Jewish Democratic group endorses primary challenger to NY Rep. Jamaal Bowman

Jewish Democratic Council of America and AIPAC have both endorsed bid by George Latimer, as incumbent walks back remarks that claims of Hamas sex abuse were ‘propaganda’

Luke Tress is a JTA reporter and a former editor and reporter in New York for The Times of Israel.

Sen. George Latimer during a joint legislative budget hearing on education on Jan. 28, 2014, in Albany, New York (AP Photo/Mike Groll)
Sen. George Latimer during a joint legislative budget hearing on education on Jan. 28, 2014, in Albany, New York (AP Photo/Mike Groll)

New York Jewish Week, via JTA — The Jewish Democratic Council of America, the leading Jewish organization affiliated with the Democratic Party, endorsed George Latimer in his bid to unseat New York Rep. Jamaal Bowman in the upcoming primary.

It also endorsed Wesley Bell in his campaign to unseat Rep. Cori Bush in Missouri, marking the first time that the Jewish Democrats have endorsed primary challengers to Democratic incumbents.

Both incumbents have been vocal critics of Israel. In New York’s 16th district, which covers southern Westchester County and a sliver of the northern Bronx and is home to a sizable Jewish community, the Israel-Hamas war has become a focal point of the closely watched campaign.

Latimer, a centrist who serves as Westchester County executive, has been firmly supportive of Israel since Hamas’s October 7 attack, when terrorists murdered close to 1,200 people, mostly civilians, across southern Israel, and kidnapped 253. Bowman, who is a member of the Squad, the group of progressive Democratic members of Congress, has been harshly critical of the Israeli military campaign in Gaza, accusing Israel of “genocide.”

The Jewish Democratic Council of America announced its endorsement of Latimer on Thursday alongside 21 other candidates, including New Yorkers Mondaire Jones in the 17th district and Josh Riley in the 19th district.

In a statement, the council’s chair-elect, Susie Stern, called Latimer an ally to Jewish New Yorkers who “resolutely stands behind our community when challenging moments arise, including the current one.”

Rep. Jamaal Bowman cries at a vigil outside the White House to demand that US President Joe Biden call for a permanent ceasefire in Gaza, November 29, 2023. (Nathan Howard/AP)

Latimer hailed the council’s endorsement as well as the group’s support for causes including supporting Israel, fighting antisemitism, combating gun violence and protecting abortion rights.

“As we continue to build our grassroots campaign, their support will be vital for making sure every voice is heard in this critical election,” Latimer said in a statement.

Latimer entered the race in December after months of speculation that he would mount a challenge to Bowman, who was first elected in 2020 and after receiving encouragement from Jewish supporters. He has also nabbed an endorsement from the pro-Israel lobby AIPAC. The Democratic Majority for Israel, an advocacy group, applauded his entry into the race.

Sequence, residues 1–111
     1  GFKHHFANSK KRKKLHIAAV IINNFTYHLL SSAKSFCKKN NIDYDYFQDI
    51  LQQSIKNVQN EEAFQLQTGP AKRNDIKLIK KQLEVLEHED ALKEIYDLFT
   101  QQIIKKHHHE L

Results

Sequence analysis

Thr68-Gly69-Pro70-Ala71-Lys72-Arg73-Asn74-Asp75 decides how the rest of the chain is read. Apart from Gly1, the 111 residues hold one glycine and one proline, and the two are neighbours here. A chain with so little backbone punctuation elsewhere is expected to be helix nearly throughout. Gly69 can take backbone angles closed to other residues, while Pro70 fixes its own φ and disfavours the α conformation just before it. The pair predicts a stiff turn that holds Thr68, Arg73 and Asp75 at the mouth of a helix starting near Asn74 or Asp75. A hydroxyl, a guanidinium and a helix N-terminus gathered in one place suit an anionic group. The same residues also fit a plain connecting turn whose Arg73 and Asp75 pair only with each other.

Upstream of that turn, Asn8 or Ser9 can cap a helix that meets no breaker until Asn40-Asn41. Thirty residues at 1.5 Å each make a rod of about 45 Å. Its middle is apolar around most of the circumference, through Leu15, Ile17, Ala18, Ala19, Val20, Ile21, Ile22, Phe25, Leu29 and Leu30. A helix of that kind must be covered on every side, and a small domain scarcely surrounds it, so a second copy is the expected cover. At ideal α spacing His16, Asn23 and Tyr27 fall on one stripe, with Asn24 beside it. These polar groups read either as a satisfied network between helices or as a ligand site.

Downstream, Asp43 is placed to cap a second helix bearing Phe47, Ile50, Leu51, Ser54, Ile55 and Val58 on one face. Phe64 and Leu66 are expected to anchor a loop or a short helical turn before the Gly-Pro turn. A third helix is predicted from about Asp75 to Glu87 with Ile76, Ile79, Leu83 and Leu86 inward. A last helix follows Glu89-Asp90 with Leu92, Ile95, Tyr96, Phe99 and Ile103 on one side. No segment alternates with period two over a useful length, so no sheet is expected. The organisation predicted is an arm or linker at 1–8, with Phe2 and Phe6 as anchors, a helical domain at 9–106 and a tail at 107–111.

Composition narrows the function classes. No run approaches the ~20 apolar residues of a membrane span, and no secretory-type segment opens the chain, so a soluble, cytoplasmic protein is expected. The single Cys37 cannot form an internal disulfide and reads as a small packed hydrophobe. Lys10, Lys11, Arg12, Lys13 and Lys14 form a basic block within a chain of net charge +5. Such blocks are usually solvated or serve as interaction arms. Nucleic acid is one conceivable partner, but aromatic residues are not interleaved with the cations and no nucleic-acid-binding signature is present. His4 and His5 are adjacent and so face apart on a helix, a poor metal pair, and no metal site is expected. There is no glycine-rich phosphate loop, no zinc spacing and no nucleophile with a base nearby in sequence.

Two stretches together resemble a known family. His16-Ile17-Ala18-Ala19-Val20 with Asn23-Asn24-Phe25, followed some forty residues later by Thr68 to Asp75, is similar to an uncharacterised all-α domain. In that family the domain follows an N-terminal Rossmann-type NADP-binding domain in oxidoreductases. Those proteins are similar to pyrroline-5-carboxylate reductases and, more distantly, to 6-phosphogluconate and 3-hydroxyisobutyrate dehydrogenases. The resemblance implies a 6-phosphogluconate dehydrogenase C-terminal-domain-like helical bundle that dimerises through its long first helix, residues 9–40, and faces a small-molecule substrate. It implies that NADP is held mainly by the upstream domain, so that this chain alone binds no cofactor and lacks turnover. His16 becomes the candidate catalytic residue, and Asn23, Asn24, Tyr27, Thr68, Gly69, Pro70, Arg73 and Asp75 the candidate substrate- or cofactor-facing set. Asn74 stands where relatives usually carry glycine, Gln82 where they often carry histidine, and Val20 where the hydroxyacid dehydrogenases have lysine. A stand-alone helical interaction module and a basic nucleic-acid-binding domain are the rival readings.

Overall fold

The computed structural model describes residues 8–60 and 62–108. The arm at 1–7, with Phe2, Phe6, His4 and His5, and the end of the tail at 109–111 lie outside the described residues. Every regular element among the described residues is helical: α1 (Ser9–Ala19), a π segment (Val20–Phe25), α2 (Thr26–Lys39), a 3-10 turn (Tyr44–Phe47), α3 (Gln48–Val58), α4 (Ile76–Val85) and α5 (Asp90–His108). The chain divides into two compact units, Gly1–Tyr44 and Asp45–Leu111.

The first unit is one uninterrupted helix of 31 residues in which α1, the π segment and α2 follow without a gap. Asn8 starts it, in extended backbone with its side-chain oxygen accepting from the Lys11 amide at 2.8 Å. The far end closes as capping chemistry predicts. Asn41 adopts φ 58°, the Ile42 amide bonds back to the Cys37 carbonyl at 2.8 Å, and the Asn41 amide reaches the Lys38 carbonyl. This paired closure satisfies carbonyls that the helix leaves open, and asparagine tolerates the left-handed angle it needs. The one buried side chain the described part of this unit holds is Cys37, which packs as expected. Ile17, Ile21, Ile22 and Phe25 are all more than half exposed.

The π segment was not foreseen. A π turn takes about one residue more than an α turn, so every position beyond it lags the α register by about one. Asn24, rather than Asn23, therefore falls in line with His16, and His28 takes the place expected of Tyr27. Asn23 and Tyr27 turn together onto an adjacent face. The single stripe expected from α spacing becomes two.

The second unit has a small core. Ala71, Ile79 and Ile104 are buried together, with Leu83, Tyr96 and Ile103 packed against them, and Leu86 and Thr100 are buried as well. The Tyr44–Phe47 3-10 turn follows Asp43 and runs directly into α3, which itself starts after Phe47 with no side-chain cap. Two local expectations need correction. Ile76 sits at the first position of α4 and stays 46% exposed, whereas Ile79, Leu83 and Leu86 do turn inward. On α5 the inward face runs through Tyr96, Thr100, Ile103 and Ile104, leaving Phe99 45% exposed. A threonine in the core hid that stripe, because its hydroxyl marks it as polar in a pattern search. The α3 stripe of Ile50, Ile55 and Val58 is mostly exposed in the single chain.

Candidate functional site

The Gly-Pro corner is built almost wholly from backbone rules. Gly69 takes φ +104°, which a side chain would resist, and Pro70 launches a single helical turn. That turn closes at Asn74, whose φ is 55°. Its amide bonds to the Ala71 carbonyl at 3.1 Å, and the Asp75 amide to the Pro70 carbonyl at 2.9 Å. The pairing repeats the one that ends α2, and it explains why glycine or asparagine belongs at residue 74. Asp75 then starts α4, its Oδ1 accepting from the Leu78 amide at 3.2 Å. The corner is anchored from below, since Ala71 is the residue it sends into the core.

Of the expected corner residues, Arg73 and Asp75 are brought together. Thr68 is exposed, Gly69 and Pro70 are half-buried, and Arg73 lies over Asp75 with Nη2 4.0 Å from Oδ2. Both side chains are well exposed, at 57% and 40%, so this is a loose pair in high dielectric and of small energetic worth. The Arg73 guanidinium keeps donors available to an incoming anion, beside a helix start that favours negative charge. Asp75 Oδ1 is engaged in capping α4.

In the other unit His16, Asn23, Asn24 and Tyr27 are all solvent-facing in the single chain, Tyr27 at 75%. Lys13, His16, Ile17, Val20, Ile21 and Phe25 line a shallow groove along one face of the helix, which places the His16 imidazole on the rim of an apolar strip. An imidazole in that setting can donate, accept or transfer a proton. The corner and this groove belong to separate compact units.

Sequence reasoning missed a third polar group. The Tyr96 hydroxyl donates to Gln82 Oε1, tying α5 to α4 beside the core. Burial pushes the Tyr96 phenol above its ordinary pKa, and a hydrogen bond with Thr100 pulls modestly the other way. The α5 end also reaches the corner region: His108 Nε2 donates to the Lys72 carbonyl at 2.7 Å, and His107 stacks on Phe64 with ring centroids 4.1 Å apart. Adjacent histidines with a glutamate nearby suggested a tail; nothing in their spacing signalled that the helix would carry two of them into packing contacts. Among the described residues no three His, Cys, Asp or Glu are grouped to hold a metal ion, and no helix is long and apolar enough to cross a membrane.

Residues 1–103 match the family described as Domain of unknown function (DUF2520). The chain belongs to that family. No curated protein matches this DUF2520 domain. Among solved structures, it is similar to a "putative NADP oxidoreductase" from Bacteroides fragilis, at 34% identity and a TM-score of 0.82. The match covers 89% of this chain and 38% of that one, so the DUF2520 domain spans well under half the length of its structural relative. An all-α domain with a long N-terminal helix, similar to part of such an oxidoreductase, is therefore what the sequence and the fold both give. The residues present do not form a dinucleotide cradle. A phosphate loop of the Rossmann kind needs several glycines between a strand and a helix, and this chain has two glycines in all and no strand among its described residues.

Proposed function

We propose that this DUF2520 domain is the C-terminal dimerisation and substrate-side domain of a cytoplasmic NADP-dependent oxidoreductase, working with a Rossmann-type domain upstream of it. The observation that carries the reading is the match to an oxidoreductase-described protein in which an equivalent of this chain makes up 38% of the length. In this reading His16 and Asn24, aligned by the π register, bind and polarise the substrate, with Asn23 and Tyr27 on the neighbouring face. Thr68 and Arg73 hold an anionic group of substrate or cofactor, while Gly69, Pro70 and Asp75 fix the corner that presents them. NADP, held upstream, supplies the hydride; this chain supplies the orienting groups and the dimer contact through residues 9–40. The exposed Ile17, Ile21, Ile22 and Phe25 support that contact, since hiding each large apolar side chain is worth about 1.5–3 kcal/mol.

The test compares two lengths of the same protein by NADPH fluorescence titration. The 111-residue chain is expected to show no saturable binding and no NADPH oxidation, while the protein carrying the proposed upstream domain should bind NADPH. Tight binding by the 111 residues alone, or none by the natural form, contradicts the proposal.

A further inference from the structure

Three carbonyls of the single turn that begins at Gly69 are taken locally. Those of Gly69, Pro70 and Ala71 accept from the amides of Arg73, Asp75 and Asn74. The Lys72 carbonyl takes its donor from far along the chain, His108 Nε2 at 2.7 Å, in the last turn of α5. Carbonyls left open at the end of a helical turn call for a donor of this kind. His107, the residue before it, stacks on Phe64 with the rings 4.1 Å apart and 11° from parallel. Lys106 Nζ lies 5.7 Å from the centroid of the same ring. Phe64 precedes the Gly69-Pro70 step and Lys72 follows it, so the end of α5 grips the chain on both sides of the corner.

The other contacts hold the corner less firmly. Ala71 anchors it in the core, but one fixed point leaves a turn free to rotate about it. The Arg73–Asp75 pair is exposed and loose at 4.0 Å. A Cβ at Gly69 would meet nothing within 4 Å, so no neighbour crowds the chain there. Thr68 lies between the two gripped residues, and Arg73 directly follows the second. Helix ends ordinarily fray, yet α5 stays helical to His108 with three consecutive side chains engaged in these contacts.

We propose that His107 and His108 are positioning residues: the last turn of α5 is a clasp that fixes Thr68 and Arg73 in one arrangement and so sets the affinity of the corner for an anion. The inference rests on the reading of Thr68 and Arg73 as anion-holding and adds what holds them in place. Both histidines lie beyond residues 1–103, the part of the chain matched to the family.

Latimer has taken a more pro-Israel stance in line with more centrist Democrats. He visited Israel in November on a trip organized by the Westchester Jewish Council. He said earlier this month that he supports a temporary ceasefire that would lead to the release of the hostages, in line with the Democratic party leadership.

Both candidates raised around $1.4 million in the last quarter of 2023.

In February, Latimer accused Bowman of taking money from Hamas while speaking at a campaign event. Bowman threatened a defamation lawsuit in response.

Rev. Emanuel Cleaver II, left, of Kansas City, talks with St. Louis County prosecutor Wesley Bell before the memorial service for former U.S. Sen. Jean Carnahan in St. Louis on February 10, 2024. (Robert Cohen, Pool Photo via AP)

Bowman, a former middle school principal, unseated longtime incumbent Eliot Engel, who is Jewish, in 2020. His ties with many Jewish constituents had frayed before October 7 due to his criticism of Israel. He angered Jewish voters early in the war by urging a ceasefire on October 16 in a statement that did not mention Hamas, terrorism or Israeli hostages.

The liberal Israel lobby J Street rescinded its endorsement of Bowman in January over his rhetoric on the war. Bowman has aimed his fire at AIPAC and publicly feuded with it online.

Bowman’s remarks on Israel have continued to dog him. This week, footage surfaced by Politico showed Bowman at a November rally expressing doubt that Israeli women had been raped on October 7, calling the allegations “propaganda.” In a statement to Politico this week, Bowman walked back those comments.

“The UN confirmed that Hamas committed rape and sexual violence, a reprehensible fact that I condemn entirely,” the statement said, noting that Bowman voted for a resolution condemning rape and sexual violence by Hamas. “So let me be clear, and ensure my words are not twisted: I always stand against sexual violence in all forms and stand for peace for all.”

In November, Bowman held a meeting with Jewish constituents focused on antisemitism. There was a small protest ahead of the event, though two participants told the New York Jewish Week at the time that the meeting was productive and Bowman appeared attentive to their concerns. Ahead of the meeting, two prominent rabbis in the area said most of the community would decline to attend the event.

Separate from the war in Gaza, the congressman has faced other controversies in recent months. In January, the Daily Beast reported that Bowman had promoted 9/11 conspiracy theories on his personal blog in 2011. The House formally censured Bowman in December for pulling a fire alarm at the US Capitol, which he said was an accident.

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